Important drivers behind the drop in Boardwalk’s stock price (Part 4 of 7)
Natural gas production
What Boardwalk is saying is that the difference in natural gas prices between traditional supply markets and traditional consumption markets (such as the Northeast U.S.) used to be greater. Now, with the influx of natural gas coming from the Marcellus and Utica shales, which are located in the Northeast, basis differentials have compressed. This new natural gas production has changed regional supply and demand dynamics.
Plus, the new natural gas production from the Marcellus and Utica has caused production in other areas that were connected by Boardwalk’s pipelines, which has caused some of the natural gas that used to flow through BWP’s assets to be diverted to other companies’ pipelines.
Boardwalk had much of its natural gas transportation service contracted out. However, as these contracts approach expiration, the company is being forced to renew contracts at much lower rates given the changed natural gas supply and demand environment. Also, any new contracts are signed at lower rates than the company could have bargained for a few years ago.
BWP states in its 10-K:
“In recent periods we have renewed many expiring contracts at lower rates and for shorter terms than in the past, which has materially adversely impacted our firm and interruptible transportation revenues. In light of the market conditions discussed above, natural gas transportation contracts we have renewed or entered into in 2013 and in recent years have been at lower rates, and any remaining available capacity generally has been marketed and sold at lower rates under short-term firm or interruptible contracts, or in some cases not sold at all.”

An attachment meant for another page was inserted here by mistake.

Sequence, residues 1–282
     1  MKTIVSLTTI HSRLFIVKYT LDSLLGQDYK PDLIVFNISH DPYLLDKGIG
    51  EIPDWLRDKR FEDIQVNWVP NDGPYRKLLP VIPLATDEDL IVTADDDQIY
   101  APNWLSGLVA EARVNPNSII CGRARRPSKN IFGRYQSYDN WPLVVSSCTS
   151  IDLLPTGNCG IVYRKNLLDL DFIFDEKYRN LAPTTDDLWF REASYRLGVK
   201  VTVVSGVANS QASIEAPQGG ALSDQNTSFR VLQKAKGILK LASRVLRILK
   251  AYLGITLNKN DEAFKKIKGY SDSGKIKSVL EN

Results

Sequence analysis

Capacity reservation charges are fees that parties pay to hold a portion of transportation capacity free in order to get their natural gas production to end markets. They pay these fees regardless of whether the capacity is used or not. BWP stated that during 2013, the amount of revenue garnered with capacity reservation charges under firm transportation agreements was $45 million lower than during 2012. Boardwalk commented that it expects this trend to continue, that it may not be able to contract out all of its capacity, and that it may not be able to roll over contracts at attractive rates. This ultimately affects earnings.
To read about other factors affecting Boardwalk’s earnings, read on to the following part of this series.
Browse this series on Market Realist:
- Part 1 - Why greater natural gas production has hurt some MLPs
- Part 2 - Boardwalk Pipeline Partners: An investor’s must-know overview
- Part 3 - Why did Boardwalk Pipeline Partners cut its distribution?
- natural gas prices
- natural gas